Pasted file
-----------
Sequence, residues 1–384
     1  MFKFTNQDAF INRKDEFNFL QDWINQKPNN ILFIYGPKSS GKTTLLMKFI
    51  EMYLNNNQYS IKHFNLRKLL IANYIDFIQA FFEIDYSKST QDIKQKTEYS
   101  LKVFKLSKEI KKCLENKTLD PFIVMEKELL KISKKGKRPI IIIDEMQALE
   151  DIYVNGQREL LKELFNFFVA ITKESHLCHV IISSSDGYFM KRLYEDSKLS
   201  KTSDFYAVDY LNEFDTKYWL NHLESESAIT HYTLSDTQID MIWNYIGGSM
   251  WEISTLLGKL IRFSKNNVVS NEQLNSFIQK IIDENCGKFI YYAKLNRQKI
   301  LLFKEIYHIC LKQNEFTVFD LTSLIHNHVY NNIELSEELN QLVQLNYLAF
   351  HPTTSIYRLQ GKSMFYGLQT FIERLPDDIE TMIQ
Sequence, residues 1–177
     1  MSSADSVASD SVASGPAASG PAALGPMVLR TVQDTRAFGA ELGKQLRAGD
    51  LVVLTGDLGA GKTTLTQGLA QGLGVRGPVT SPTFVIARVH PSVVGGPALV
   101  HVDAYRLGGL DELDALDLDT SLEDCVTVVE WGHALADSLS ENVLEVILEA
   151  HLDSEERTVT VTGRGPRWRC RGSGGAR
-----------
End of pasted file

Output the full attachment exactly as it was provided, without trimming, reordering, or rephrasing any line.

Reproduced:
Sequence, residues 1–384
     1  MFKFTNQDAF INRKDEFNFL QDWINQKPNN ILFIYGPKSS GKTTLLMKFI
    51  EMYLNNNQYS IKHFNLRKLL IANYIDFIQA FFEIDYSKST QDIKQKTEYS
   101  LKVFKLSKEI KKCLENKTLD PFIVMEKELL KISKKGKRPI IIIDEMQALE
   151  DIYVNGQREL LKELFNFFVA ITKESHLCHV IISSSDGYFM KRLYEDSKLS
   201  KTSDFYAVDY LNEFDTKYWL NHLESESAIT HYTLSDTQID MIWNYIGGSM
   251  WEISTLLGKL IRFSKNNVVS NEQLNSFIQK IIDENCGKFI YYAKLNRQKI
   301  LLFKEIYHIC LKQNEFTVFD LTSLIHNHVY NNIELSEELN QLVQLNYLAF
   351  HPTTSIYRLQ GKSMFYGLQT FIERLPDDIE TMIQ
Sequence, residues 1–177
     1  MSSADSVASD SVASGPAASG PAALGPMVLR TVQDTRAFGA ELGKQLRAGD
    51  LVVLTGDLGA GKTTLTQGLA QGLGVRGPVT SPTFVIARVH PSVVGGPALV
   101  HVDAYRLGGL DELDALDLDT SLEDCVTVVE WGHALADSLS ENVLEVILEA
   151  HLDSEERTVT VTGRGPRWRC RGSGGAR